The Nigerian House of Assembly has moved to take a legal stand on how it would handle any future power vacuum created by a sick and incapacitated government official, or by any other circumstance. However leading political stakeholders failed to show up at the first organized public hearing to revise the country’s constitution on this matter.
In its descriptive memo, the Senate Committee explained that the Bill would amend the Constitution of the Federal Republic of Nigeria of 1999, to enable the Legislature empower the Vice President or Deputy Governor to function as Acting President or Acting Governor in the absence of the occupier of the respective offices, for reason of vacation, ill-health or any other situation of temporary incapacitation.
An attempt by the Lower House to revise Section 145 of the constitution on Tuesday, February 16, suffered a setback as stakeholders invited to begin the process at a public hearing did not show up at the public hearing organized by the ad-hoc committee on the review of the constitution.
The Senate had mandated its Committee on Constitution Review to propose an amendment to Section 145 which reads: “Whenever the President transmits to the President of the Senate and the Speaker of the House of Representatives a written declaration that he is proceeding on vacation or that he is otherwise unable to discharge the functions of his office, until he transmits to them a written declaration to the contrary such functions shall be discharged by the Vice-President as Acting President.”
Political stakeholders such as the Chief Justice of the Federation, Justice Aloysius Katsina-Alu, governors of the 36 states of the federation, Independent National Electoral Commission (INEC) Chairman, Prof. Maurice Iwu, and the Federal Capital Territory (FCT) Minister, among others, all did not turn up at the public hearing at the National Assembly in Abuja on Tuesday.
Lead sponsor of the Bill for the amendment of sections 145, 146, 190 and 191, Suleiman Abdulrahman Kawu, berated the stakeholders for failing to attend the public hearing.
However, senate president, Mr.David Mark called on the house of assembly to be at their best and be ready to contribute to an amendment. “This is a bill that will be fast-tracked. We will need two-thirds for the bill to go through. It won’t be voice vote, everybody will speak for himself,” Mr. Mark is quoted.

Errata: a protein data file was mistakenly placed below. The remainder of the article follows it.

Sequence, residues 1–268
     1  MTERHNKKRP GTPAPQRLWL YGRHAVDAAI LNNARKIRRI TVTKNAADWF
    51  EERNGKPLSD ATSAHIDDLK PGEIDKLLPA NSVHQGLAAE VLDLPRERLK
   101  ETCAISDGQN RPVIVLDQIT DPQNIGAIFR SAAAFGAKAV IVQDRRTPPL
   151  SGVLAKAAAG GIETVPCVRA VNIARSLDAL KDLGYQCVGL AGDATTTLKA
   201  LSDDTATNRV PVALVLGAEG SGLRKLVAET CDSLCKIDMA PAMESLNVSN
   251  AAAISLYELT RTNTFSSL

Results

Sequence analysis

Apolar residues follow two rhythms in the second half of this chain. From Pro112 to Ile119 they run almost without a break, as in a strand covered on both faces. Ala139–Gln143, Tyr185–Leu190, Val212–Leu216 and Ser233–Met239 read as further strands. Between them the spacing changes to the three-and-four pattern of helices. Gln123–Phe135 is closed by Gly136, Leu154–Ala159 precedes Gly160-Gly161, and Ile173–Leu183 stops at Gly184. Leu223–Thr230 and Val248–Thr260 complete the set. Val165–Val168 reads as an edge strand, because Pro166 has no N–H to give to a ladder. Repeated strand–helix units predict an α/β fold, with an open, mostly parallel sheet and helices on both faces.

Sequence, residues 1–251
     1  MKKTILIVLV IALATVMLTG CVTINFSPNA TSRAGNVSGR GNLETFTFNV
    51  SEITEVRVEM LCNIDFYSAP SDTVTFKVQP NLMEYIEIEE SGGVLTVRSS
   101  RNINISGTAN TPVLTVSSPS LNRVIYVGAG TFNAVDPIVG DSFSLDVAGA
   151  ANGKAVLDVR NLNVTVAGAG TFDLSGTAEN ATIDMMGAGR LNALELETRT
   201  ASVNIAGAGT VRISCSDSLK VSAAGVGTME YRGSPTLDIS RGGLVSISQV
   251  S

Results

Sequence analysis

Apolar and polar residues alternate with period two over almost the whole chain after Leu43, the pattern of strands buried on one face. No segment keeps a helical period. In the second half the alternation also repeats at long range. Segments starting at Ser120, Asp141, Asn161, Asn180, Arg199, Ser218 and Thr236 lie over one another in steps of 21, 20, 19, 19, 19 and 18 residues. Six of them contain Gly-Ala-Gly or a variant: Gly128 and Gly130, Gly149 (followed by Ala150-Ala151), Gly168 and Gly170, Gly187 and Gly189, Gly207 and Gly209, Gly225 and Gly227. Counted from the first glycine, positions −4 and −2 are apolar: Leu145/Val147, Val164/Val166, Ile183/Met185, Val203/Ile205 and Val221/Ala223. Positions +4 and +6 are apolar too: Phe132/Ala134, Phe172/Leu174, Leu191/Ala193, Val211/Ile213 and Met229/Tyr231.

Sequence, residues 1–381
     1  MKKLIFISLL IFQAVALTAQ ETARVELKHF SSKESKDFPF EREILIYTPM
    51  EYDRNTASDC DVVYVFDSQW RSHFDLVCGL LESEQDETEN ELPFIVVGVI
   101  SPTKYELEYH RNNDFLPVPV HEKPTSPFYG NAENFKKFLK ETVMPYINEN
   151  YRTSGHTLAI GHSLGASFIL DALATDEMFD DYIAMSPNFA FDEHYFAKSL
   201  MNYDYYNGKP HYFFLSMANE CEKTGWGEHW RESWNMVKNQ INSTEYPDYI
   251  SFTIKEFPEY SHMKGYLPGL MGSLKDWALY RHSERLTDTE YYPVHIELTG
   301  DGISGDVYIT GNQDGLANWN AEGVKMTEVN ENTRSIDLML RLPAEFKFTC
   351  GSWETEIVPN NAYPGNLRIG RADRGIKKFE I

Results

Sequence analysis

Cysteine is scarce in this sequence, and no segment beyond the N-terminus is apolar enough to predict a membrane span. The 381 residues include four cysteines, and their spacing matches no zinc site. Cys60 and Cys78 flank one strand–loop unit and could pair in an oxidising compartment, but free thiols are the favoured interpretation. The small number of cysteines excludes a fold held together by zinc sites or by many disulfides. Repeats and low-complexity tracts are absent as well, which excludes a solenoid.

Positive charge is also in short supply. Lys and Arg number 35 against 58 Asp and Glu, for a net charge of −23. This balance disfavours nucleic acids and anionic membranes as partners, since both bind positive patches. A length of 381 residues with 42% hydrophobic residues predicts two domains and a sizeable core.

The proposed amendment is to make the transmission of letter by the President or the governor of a state to the National Assembly or the state House of Assembly in the event of embarking on any leave mandatory, as against the discretionary provision in Section 145 of the 1999 Constitution.
“The reason behind amending section 145 was as a result of the public outcry that there was a vacuum created by the absence of the President; and civil societies, eminent personalities, state governors and so many other interest groups came to the National Assembly to see the leadership about how we can salvage this country. And we were able to resolve the problem temporarily through a resolution”
“Now, we are looking for a permanent solution to the problem and what is expected is that those who have been calling for that should have been here to present their memoranda, their positions and opinion on this matter. It is not just for the House to sit down and do it. Yes, the House can sit down and do it, but it is part of our responsibilities to call for public hearing in order to hear the views of Nigerians in matters like this,” a statement from the ad-hoc committee on the review of the constitution read.